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Victim Funding in Some States May be Discriminatory

— September 24, 2018

Victim Funding in Some States May be Discriminatory

Each state has a fund that is reserved for use by families who have been victimized by crime and need help.  The funds are meant to reimburse families for significant unexpected financial needs such as the funeral and burial costs of their loved ones.  However, some have found out the hard way, the help is not free for the taking, and states seem to follow different guidelines for disbursement.

Seven states currently bar people with criminal records from receiving compensation.  And, analyses of two states in particular – Florida and Ohio – show the bans mostly affect African American families.

“Nobody came and questioned or asked.  It was just, ‘no,’” said Anthony Campbell, 43, who lives in Montgomery, Alabama.  His father was murdered in Sarasota, Florida, in 2015.  A review of Campbell’s father’s background showed a felony he committed thirty years prior.  Campbell himself had never committed a crime.  And, yet, they are restricted from receiving help.

Victim Funding in Some States May be Discriminatory
Photo by Pepi Stojanovski on Unsplash

Administrators of the funds must follow state law directing who can receive pay outs.  Yet, critics of the system call the imbalance a consequence of a criminal justice system that is prone to racial discrimination.  Studies of the justice system across the board indicate African Americans tend to serve harsher sentences than Caucasian offenders charged with the same crimes.

“People with money and power are treated differently in our justice system.  They’re not policed the same way,” said David Singleton, a Cincinnati civil rights attorney and executive director of the Ohio Justice and Policy Center.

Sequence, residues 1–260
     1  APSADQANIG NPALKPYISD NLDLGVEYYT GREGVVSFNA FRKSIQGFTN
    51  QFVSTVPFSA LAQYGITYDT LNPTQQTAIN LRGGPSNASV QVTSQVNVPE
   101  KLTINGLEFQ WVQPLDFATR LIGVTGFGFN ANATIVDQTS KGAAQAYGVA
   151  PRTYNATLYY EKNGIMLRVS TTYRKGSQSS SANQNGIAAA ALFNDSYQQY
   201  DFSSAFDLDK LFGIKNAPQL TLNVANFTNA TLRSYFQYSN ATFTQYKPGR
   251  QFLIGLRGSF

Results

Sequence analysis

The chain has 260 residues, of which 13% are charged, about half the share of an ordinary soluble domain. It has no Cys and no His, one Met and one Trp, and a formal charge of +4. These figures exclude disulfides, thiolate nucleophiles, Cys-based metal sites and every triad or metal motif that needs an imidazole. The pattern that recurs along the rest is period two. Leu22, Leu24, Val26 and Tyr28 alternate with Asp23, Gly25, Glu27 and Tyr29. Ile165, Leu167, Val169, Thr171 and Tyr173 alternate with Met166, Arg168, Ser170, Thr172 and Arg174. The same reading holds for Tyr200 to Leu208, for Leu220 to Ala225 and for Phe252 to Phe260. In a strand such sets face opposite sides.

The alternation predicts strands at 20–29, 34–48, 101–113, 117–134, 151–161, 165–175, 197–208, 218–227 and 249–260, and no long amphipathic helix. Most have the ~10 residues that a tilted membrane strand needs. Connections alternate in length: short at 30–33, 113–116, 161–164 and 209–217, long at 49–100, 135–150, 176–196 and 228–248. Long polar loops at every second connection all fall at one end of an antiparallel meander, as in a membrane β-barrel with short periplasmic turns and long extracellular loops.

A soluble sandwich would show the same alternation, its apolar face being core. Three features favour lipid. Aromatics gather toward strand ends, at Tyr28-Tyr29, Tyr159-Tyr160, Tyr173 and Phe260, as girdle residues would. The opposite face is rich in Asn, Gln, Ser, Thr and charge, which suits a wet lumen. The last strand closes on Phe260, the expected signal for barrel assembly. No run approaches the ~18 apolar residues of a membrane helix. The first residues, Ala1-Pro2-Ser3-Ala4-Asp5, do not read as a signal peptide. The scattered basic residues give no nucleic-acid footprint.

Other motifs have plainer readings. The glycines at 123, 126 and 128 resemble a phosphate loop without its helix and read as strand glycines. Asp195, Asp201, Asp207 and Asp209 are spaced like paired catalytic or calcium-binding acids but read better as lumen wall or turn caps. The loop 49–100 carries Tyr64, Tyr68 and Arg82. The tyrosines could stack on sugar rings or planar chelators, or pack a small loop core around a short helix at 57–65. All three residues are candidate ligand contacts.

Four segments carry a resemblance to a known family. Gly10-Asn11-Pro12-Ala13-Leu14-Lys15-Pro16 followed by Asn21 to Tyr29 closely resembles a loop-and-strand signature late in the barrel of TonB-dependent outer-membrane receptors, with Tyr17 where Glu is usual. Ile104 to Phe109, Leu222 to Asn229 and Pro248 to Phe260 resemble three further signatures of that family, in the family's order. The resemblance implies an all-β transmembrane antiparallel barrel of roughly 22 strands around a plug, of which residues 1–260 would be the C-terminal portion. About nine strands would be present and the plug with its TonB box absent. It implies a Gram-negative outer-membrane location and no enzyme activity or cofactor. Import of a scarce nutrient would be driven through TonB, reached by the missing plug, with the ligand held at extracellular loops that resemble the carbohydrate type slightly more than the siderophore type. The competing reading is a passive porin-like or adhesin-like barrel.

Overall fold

In Florida, the ban applies to anyone who has been convicted as an adult a felony, including burglary and aggravated assault.  Roughly 30 percent of those who listed their race when applying for victim compensation between 2015 and 2016 were African American.  However, African American applicants made up 61 percent of those denied for funding for having a criminal record.

In Ohio, compensation is denied to anyone who has been convicted of a felony in the past ten years as well as anyone suspected of certain felonies, even if they were never found guilty or committed an offense as a minor.  In Ohio, 42 percent of victims who applied for reimbursement in 2016 listed their race as African American, but 61 percent of those turned away for a record were of the same race.

The funds in Florida and Ohio close out the year – year after year – with plenty of leftover cash in the account.  Last year, Florida closed with a balance of $12 million, and Ohio with $15 million.  “It’s in no way saying you are less of a victim,” insisted Matthew Kanai, chief of the crime victim services division for the Ohio state attorney general.

Tanya Coke’s sister was also murdered.  As an African American woman, she wrote, “Access to the funds requires a police report, something many victims of color, already distrusting of police, are reluctant to file.  The funds are often accessed through the state prosecutors’ office, another roadblock for women who, in domestic violence and other cases, may not want to testify against the perpetrator.”  Her family spent years trying to navigate the system and get the support they needed.

Coke added, “The paperwork to receive reimbursement is daunting.  After multiple rejections for repayment on mental health services, my husband and I mortgaged our home.  A fundraiser was one of the few things that saved us.”


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